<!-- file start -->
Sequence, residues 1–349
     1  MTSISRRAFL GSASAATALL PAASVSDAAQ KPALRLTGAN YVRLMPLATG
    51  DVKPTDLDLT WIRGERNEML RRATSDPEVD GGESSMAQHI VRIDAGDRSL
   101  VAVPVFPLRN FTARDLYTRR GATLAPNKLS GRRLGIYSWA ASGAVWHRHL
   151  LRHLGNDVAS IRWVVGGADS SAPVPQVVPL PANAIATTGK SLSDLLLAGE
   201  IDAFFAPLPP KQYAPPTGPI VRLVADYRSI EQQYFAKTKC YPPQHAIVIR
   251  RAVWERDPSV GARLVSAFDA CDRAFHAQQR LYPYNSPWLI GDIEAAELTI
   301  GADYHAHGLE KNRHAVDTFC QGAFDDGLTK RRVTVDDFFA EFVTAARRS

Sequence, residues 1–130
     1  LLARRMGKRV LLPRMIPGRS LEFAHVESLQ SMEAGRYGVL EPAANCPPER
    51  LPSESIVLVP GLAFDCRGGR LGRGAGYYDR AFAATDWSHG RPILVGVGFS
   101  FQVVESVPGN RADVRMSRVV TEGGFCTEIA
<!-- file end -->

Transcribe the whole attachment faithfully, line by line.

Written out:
Sequence, residues 1–349
     1  MTSISRRAFL GSASAATALL PAASVSDAAQ KPALRLTGAN YVRLMPLATG
    51  DVKPTDLDLT WIRGERNEML RRATSDPEVD GGESSMAQHI VRIDAGDRSL
   101  VAVPVFPLRN FTARDLYTRR GATLAPNKLS GRRLGIYSWA ASGAVWHRHL
   151  LRHLGNDVAS IRWVVGGADS SAPVPQVVPL PANAIATTGK SLSDLLLAGE
   201  IDAFFAPLPP KQYAPPTGPI VRLVADYRSI EQQYFAKTKC YPPQHAIVIR
   251  RAVWERDPSV GARLVSAFDA CDRAFHAQQR LYPYNSPWLI GDIEAAELTI
   301  GADYHAHGLE KNRHAVDTFC QGAFDDGLTK RRVTVDDFFA EFVTAARRS

Sequence, residues 1–130
     1  LLARRMGKRV LLPRMIPGRS LEFAHVESLQ SMEAGRYGVL EPAANCPPER
    51  LPSESIVLVP GLAFDCRGGR LGRGAGYYDR AFAATDWSHG RPILVGVGFS
   101  FQVVESVPGN RADVRMSRVV TEGGFCTEIA